On this date of January 13, 1863, authority was officially granted to white officer Col. Thomas Wentworth Higginson to establish the all-black 1st South Carolina Volunteers.
A first effort toward this organization of former slaves was made in May of 1862 at Hilton Head by General David Hunter. But lacking authority to do, along with abducting recruits in a fashion much too similar to slave life, the effort failed.
A second effort by General Rufus Saxon had better results as a company of 60+ men was formed under the command of Captain C.T. Trowbridge. They fought well along the Florida/Georgia coast, receiving high commendations from officers.
But bringing the regiment to full strength was Colonel Thomas Wentworth Higginson – an interesting character who was a Massachusetts abolitionist, along with being a scholar and pastor (oh yes, my kind of guy!… though I don’t think we’d have theological agreement). He led them on a late January expedition along the St. Mary’s River near the Georgia/Florida line. There they engaged Confederate forces near Township Landing – winning the battle. Of the regiment’s performance, Higginson would write, “Braver men never lived. . . It was their demeanor under arms that shamed the nation into recognizing them as men. They had home, household, and freedom to fight for.”
The regiment was later designated the 33rd USCT South Carolina, and they participated throughout the war in a number of engagements and occupations.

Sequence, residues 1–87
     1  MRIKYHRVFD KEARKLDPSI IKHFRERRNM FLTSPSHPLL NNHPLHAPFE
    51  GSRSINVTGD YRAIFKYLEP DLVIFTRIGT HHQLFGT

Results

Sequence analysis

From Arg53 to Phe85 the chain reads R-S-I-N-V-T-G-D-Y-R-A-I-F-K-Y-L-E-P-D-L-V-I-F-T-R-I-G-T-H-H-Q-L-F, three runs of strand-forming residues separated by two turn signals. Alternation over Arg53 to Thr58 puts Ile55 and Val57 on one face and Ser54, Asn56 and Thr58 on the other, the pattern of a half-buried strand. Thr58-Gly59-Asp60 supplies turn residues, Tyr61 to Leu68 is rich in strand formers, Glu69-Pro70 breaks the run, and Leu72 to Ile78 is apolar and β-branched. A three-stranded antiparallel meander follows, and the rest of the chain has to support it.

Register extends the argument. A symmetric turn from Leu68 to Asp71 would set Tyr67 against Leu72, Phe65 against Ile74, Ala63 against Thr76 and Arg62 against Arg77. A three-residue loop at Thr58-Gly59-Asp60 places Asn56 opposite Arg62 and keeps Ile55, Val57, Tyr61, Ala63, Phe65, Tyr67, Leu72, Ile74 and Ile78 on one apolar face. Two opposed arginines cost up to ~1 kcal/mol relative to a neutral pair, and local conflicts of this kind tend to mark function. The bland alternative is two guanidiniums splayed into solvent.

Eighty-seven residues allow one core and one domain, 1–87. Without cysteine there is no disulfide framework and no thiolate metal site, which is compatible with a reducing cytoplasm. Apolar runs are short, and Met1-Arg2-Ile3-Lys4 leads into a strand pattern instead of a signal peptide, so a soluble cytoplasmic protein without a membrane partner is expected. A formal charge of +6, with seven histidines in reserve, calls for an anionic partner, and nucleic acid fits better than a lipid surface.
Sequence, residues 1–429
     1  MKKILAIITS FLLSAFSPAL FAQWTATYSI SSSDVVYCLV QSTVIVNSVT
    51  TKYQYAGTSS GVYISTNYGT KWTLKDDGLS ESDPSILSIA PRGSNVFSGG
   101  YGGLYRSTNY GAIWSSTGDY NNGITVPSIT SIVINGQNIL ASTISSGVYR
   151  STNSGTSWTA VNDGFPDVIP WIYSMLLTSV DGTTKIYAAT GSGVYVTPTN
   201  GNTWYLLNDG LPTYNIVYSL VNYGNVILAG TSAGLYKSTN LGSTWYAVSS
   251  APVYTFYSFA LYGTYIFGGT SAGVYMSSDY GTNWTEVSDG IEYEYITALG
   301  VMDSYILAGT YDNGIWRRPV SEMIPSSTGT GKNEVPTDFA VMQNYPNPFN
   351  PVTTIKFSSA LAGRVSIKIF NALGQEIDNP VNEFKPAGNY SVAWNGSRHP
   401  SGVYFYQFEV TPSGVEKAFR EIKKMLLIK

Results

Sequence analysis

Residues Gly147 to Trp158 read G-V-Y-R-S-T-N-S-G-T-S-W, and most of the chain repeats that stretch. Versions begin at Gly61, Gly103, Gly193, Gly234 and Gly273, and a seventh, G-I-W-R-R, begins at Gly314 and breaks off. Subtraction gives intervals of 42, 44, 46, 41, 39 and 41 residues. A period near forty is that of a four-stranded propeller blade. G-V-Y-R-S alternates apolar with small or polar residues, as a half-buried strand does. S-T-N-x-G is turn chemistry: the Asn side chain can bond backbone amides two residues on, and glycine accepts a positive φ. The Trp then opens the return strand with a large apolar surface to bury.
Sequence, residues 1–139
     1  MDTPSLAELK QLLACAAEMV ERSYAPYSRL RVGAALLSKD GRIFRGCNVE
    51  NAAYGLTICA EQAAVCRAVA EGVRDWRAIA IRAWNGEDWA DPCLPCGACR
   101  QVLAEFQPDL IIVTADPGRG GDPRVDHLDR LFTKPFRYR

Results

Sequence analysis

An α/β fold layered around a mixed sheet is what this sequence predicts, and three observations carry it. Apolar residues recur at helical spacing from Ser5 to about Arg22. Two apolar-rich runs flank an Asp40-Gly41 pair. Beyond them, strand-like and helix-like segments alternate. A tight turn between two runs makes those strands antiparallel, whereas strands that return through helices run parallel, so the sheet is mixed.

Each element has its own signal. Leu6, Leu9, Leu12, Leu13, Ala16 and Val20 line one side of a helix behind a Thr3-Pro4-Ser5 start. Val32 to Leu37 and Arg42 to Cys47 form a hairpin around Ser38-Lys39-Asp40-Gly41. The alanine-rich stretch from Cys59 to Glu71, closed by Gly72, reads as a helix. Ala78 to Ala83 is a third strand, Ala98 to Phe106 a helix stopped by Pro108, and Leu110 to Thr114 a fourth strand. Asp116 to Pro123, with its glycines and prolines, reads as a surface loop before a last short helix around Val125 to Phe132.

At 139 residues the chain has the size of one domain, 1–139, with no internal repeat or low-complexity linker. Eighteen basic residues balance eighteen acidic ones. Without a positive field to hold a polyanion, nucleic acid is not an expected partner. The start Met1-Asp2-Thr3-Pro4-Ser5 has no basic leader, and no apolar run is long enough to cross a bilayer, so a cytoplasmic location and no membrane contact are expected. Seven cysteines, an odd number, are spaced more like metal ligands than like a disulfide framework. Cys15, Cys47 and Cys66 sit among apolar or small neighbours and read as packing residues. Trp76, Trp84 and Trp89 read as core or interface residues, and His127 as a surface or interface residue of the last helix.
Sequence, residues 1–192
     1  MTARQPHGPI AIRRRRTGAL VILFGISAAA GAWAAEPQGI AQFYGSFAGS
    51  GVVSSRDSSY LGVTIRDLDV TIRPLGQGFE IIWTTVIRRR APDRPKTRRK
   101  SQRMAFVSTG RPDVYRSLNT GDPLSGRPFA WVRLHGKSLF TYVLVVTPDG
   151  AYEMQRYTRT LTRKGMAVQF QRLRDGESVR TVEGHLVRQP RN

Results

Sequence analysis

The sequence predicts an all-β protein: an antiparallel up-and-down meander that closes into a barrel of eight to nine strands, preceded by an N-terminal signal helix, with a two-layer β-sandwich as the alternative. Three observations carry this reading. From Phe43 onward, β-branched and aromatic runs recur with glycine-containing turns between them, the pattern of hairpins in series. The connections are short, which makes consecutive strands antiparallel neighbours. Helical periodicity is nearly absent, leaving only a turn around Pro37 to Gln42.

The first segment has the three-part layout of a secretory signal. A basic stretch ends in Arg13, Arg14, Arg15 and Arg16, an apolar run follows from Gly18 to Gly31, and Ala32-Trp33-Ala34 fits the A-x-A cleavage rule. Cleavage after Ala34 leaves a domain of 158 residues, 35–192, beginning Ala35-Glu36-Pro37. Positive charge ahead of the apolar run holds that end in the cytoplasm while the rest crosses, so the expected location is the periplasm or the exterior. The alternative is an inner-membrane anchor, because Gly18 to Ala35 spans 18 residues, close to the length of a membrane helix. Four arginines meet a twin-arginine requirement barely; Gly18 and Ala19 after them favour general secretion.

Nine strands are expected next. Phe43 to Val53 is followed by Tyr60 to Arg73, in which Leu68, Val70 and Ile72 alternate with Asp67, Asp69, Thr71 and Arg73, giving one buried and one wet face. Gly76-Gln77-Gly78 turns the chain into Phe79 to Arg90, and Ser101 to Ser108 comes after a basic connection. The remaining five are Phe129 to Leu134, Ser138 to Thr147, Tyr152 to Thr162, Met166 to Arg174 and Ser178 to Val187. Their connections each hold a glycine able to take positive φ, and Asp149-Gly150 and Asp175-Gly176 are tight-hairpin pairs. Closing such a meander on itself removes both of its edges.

This regiment is written about in the recent Emancipation at 150 Anthology, where Dickinson College professor Matthew Pinkser writes about a scene on New Year’s Day 1863:
If there had been a center of gravity that day for emancipation, it might have been at Port Royal, South Carolina, not Washington, D.C. While President Lincoln was inside his White House office trying to steady his hand before signing the final proclamation at around 2 p.m., a remarkable ceremony on the site of Smith’s former cotton plantation was just then drawing to a close – the largest single gathering in the South of people actually being freed. At what they now called Camp Saxton, the Federal army had organized an official ceremony and celebratory feast for several hundred men of the First South Carolina Volunteers and hundreds more of their contraband guests from around the Sea Islands. The black men stood at attention in specially designed uniforms that included standard-issue blue frock coats and bright scarlet pants. The visitors gathered in a beautiful live-oak grove with just a “glimpse of the blue river” visible, according to Colonel Thomas Wentworth Higginson, a writer and former ally of John Brown, who now sat on the speaker’s platform and served as commanding officer of the regiment.
The three-hour ceremony included a few too many speeches and presentations, but it was stirring nonetheless. William H. Brisbane, a former South Carolina planter-turned-abolitionist, read Lincoln’s September proclamation, since the final version was not yet available … The cheers were loud. But the excitement reached a crescendo following the presentation of new regimental colors, which included a beautiful hand-sewn silken U.S. flag containing the phrase, “The Year of Jubilee has come!” Yet before Higginson could formally accept the colors, a lone voice rose from the crowd of freed people, singing “America” (1832), and soon many joined in singing this patriotic hymn: “My country ‘tis of thee, sweet land of liberty” … “I never saw anything so electric,” Higginson exclaimed afterwards. The regimental surgeon reported, “Nothing could have been more unexpected or more inspiring.”